“This study provides heretofore unavailable molecular evidence to define the 3D architecture of secondary cell walls”
The secondary cell wall is key to plant life and accounts for the majority of plant biomass. It is composed of cellulose, hemicellulose, and lignin. Based on the limited molecular information available relating to secondary cell wall organization, it was proposed that bundles of cellulose microfibrils are coated by a xylan-lignin complex and crosslinked by glucomannans.
Lignin is a complex aromatic biopolymer that serves to strengthen and waterproof plant secondary cell walls. It, therefore, provides mechanical stability and facilitates long-distance water transport in trees. This essential component of plants, however, represents a barrier to the use of plant materials for manufacturing and industrial purposes as the lignin makes the cellulose inherently recalcitrant to chemical and enzymatical treatments. Lignin removal is consequently a key step in paper production and biomass conversion to biofuels.
There has been much research aimed at genetically engineering plants to alter the structure of the cell wall in such a way that increases its digestibility. These efforts have been significantly impeded by the limited understanding of the structure of cell wall polymers and the physical nature of the interactions between lignin and cell wall polysaccharides.
Recent research has made a valuable contribution to the knowledge of the lignocellulose structure using a novel imaging technique. Intact maize stems were analyzed by solid-state NMR spectroscopy using Bruker Avance spectrometers with sensitivity enhancement by dynamic nuclear polarization (DNP). The exceptional resolution and sensitivity of ssNMR with DNP enabled a significantly larger dataset to be obtained than was previously possible. Furthermore, minimal sample preparation was required so the cell wall structure would not be disturbed and give rise to artifacts.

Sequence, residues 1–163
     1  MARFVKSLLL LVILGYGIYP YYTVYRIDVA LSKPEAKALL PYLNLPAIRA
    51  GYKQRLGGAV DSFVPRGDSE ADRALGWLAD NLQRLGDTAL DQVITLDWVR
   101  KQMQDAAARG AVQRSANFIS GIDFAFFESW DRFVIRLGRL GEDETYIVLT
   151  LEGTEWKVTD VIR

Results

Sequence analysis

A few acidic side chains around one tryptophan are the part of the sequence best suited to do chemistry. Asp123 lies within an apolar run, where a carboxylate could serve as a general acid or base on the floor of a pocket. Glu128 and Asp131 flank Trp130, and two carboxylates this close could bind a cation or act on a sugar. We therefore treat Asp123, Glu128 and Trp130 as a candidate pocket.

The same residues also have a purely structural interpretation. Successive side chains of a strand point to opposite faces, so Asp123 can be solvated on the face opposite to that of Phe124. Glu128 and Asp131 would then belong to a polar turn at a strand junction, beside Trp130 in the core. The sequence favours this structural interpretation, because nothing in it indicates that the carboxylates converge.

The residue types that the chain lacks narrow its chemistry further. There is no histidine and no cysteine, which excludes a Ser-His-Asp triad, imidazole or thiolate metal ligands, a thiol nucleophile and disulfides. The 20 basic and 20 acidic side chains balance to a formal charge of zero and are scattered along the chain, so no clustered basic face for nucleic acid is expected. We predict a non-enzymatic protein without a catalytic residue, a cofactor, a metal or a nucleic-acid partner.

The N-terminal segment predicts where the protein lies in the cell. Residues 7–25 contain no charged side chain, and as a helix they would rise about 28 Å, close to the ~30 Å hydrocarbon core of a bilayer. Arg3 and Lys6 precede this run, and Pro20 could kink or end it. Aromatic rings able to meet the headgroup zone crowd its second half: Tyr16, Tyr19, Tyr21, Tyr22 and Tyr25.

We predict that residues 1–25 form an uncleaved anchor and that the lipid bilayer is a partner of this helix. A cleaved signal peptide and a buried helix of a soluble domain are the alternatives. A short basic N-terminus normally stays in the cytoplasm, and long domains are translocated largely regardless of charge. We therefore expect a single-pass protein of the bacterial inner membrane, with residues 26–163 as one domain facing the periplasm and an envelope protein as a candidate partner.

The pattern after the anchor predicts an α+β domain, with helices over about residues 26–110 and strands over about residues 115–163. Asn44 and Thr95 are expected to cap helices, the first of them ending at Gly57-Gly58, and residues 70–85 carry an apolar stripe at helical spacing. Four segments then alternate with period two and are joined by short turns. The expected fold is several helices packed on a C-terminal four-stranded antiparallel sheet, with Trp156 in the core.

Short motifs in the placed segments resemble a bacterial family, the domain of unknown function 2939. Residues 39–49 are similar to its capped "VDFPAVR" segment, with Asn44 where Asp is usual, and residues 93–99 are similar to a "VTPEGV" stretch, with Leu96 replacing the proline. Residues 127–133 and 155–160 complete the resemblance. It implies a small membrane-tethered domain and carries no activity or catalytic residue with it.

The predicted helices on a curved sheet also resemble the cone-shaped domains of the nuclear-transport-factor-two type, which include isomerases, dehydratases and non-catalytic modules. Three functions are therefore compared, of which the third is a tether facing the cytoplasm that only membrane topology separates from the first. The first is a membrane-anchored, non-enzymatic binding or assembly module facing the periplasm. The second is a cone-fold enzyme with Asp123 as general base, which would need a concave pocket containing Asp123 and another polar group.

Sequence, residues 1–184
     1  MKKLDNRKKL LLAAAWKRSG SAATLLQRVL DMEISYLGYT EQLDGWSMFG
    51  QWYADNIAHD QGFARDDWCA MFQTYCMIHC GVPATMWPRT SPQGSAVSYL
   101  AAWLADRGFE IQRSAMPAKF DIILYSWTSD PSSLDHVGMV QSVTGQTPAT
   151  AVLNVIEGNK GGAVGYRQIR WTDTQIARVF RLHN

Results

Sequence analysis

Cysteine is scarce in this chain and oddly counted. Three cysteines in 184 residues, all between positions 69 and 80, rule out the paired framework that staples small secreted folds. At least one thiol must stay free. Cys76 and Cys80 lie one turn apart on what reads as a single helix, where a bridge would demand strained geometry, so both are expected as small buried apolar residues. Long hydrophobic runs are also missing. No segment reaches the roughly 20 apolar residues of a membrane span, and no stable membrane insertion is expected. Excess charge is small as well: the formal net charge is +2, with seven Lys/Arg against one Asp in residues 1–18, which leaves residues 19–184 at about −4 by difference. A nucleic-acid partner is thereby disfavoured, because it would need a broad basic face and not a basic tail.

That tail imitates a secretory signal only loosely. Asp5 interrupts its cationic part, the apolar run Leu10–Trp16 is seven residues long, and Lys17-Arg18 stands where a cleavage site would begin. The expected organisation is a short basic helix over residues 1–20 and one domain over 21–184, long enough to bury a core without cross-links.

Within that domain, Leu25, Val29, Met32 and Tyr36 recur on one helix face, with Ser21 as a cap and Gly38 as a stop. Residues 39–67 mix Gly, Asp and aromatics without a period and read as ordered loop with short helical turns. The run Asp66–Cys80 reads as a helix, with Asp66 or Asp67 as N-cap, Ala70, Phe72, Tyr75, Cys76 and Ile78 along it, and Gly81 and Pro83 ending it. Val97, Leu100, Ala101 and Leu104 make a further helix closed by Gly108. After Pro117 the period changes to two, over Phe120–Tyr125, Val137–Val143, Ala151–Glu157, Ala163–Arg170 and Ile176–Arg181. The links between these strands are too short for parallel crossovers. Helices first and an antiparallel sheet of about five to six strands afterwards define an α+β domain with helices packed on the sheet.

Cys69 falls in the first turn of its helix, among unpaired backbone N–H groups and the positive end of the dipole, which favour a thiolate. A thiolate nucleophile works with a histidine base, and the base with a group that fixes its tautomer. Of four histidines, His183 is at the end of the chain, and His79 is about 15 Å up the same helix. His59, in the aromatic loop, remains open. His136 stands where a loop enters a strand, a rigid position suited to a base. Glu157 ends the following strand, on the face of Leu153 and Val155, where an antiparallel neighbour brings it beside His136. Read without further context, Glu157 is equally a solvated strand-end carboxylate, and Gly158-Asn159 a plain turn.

The images obtained revealed abundant electrostatic interactions of lignin with the polar motifs of xylan, rather than with cellulose as was previously thought. The two hydrophobic cores of lignin and bundled cellulose are bridged by xylan in a conformation-dependent manner. Thus, rather than lignin coating the cellulose bundles, lignin self-aggregates to form highly hydrophobic and dynamically unique nanodomains. These lignin domains have extensive surface contacts to xylan, with only limited interpenetration being possible between the separate phases. It was also shown that a distorted xylan structure favors lignin-binding. This contrasts with previous findings that flat xylan conformers bind cellulose. The cell wall structure that emerges from this ssNMR study thus differs substantially from contemporary views.
The novel molecular characteristics discovered in this study advance knowledge of the molecular-level organization of lignocellulosic biomass. This knowledge will enable further study to optimize of post-harvest processing of plant materials for biofuels and biomaterials.
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Kang X,et al. Lignin-polysaccharide interactions in plant secondary cell walls revealed by solid-state NMR. Nature Communications 2019;Volume 10:Article number 347. https://www.nature.com/articles/s41467-018-08252-0#Sec9